Senior Year: The Bittersweet Lasts

13. That's the number of years I've spent trying to get my child out the door for school. She entered the local school district at the age of four. She is now in her final year, and nothing has changed. When she was little, I would sometimes tug off her pajamas and hand her that day's clothes. My futile attempt to speed things up. She generally chose to remain naked. 

Now, she simply doesn't get out of bed. I send the dogs in. They hop onto her bed and step all over her, overjoyed, in that canine sort of way, that she exists and once again lived through the night. Grover, in particular, cares not where his paws land. Eventually, once she's crossed the line into "no way to get to school on time," she gets up. Barely, and with a slowness that makes her father's head explode, but she gets up. One of my favorite threats: "leave on time or . . . I'll DRIVE YOU!"  Having your mom drop you off at school might be the worst thing that can happen to a senior. 

Sometimes, I try a gentler approach. I lean over her and hug her while she's still tucked under her fuzzy comforter, her body still warm from sleep. I rub her back. I tell her that she'd really be doing me a solid if she'd simply get up. Sometimes, I wish I could hold her all day. On one of those recent mornings, I asked her if she needed to jump in the shower before school. Because of her incredibly thick, curly hair, daily washing of her considerable locks is not recommended. The shower is not a given, unless there is some possibility that a boy might come within an arm's length of her - and then the legs must be shaved, evidently. 

"Do you need a shower?" I asked. 

"Do I stink?" She asked the question in earnest. She'd had a show choir rehearsal the day before; some days, the dancing is more rigorous than others.

I leaned down and pressed my face against her cheek. "You smell like my baby," I said. She sighed. My feedback was not helpful.

Perhaps it's just the sentimentality talking, but for me, that scent has not changed. That 17-year-old head, full of show tunes and boys and tacos is no different from the newborn head against which I pressed my lips in the hospital. I remember being nervous when my daughter was in the nursery with the other newborns. Because I did not create her and had not spent nine months with her in my womb, I was worried that I wouldn't recognize her when I went to see her after visiting her birthmom. But I knew her. I have always known her.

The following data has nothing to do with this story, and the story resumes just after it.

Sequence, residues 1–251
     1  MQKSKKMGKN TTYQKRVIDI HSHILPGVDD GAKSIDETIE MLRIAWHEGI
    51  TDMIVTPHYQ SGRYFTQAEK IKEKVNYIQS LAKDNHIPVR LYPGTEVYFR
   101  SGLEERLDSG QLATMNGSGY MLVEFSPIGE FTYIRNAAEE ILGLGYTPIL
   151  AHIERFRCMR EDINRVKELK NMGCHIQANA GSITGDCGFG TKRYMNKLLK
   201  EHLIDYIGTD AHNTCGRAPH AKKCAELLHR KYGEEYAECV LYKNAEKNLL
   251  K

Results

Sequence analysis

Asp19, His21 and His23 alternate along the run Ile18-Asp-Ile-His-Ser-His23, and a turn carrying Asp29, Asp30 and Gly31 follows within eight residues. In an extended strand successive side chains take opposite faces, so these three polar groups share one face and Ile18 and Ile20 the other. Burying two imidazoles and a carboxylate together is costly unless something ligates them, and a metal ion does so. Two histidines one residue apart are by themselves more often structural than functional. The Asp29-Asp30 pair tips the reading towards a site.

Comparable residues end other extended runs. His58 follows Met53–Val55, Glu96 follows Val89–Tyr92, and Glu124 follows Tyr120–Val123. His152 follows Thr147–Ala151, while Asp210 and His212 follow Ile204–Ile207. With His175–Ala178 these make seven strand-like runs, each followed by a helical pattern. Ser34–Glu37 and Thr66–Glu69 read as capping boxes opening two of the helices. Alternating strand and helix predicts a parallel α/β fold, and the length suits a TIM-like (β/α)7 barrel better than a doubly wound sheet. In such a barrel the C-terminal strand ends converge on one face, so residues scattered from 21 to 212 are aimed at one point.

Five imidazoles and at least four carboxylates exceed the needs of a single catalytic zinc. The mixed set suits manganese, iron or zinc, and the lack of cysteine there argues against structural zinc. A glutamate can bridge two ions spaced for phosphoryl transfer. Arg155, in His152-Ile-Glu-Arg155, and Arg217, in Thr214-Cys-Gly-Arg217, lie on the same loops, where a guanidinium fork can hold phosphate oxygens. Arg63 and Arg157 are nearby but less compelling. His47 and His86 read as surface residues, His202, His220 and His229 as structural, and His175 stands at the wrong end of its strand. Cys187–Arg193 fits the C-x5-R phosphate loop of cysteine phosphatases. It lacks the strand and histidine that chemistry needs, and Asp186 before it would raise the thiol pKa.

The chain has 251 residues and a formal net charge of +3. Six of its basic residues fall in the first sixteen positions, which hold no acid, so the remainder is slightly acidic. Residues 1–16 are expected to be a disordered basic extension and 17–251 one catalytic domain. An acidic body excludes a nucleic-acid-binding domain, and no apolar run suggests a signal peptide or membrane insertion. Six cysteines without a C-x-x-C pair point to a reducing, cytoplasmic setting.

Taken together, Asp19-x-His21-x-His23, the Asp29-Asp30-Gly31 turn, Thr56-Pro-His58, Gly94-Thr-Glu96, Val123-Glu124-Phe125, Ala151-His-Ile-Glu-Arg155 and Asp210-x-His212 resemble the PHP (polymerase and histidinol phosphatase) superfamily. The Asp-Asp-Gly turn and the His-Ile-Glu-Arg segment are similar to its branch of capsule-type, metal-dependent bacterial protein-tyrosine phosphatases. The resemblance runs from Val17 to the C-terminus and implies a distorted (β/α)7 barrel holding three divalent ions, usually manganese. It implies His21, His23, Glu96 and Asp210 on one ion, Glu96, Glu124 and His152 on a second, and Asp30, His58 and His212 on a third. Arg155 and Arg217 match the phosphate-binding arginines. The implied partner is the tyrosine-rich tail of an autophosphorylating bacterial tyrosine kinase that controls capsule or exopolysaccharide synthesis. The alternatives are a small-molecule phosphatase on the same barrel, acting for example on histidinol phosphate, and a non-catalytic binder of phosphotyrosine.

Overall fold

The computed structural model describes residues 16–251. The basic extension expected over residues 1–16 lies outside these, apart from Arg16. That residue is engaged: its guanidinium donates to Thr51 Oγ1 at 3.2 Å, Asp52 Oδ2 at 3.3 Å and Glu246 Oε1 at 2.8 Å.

My daughter leaves for college in roughly 10 months. I have already suggested to her that she not take any early-morning classes if she can help it. 

Other parents who've been in my shoes tell me that this is the year of "lasts" and "last firsts." Last first-day-of-school photo. Last high school Homecoming dance. My daughter landed a lead in the school musical. I've thrown myself into the role of parent coordinator because . . . it's my last. I've had a lot of fun doing it, though. I built a headshot display out of painted PVC piping. I never thought I'd utter the words, "I own a ratchet-style PVC pipe cutter." And yet here we are. A freshman mom is shadowing me so that she and other moms can take over next year (just like other moms showed me the ropes). I'd say "parent" but, I mean, we all know it'll be the moms. 

I'm doing my best to be present and mindful as my daughter winds her way through her senior year of high school. The day when I don't hear singing coming from the room at the end of the hall . . . it's coming all too soon, and I don't know what to do with those feelings. Sometimes, in the car, we sing soundtracks together. We particularly love Hamilton, but I always leave the rap part in "Satisfied" to her:

It's the feeling of freedom, of seeing the light
It's Ben Franklin with a key and a kite
You see it right?

My middle sister once said to me, "I'm raising my kids to fly." We were having a conversation about holding onto children too tightly. I feel the same way. I want to enjoy the lasts and then watch my daughter fly. She's becoming more independent, though I'm always just a text away when she forgets a script she needs for rehearsal or when she needs that taco money. The other day she held up two pairs of over-priced sneakers and asked me which one she should wear. I pointed to a pair - I mean, they were both white, so I didn't feel terribly invested in this whole scene. Later, I saw the pair I had chosen on the floor. I wasn't offended. I'm fine with my opinion on the little things in life holding little weight.

At the end-of-year music banquet in May, my daughter received an award for "building confidence." She received the award for building up people around her. Her teachers have always said that she talks way too much but also that she is kind to everyone. That's just the type of human that I'd hoped to send out into the world. With her hazel eyes that turn magic in the sun to curls so wild that a boy once got his hand stuck in there, my daughter is physically beautiful. Having a good heart, though? Priceless.

My daughter already knows that there will be a scene when we move her into her dorm room next fall (I hope her future roommate has a high tolerance for clutter). She plans to study Musical Theatre. Whether her college is an hour away or six hours away, I plan to cry all the way home regardless. Once my tears have dried, I will watch my baby soar. 


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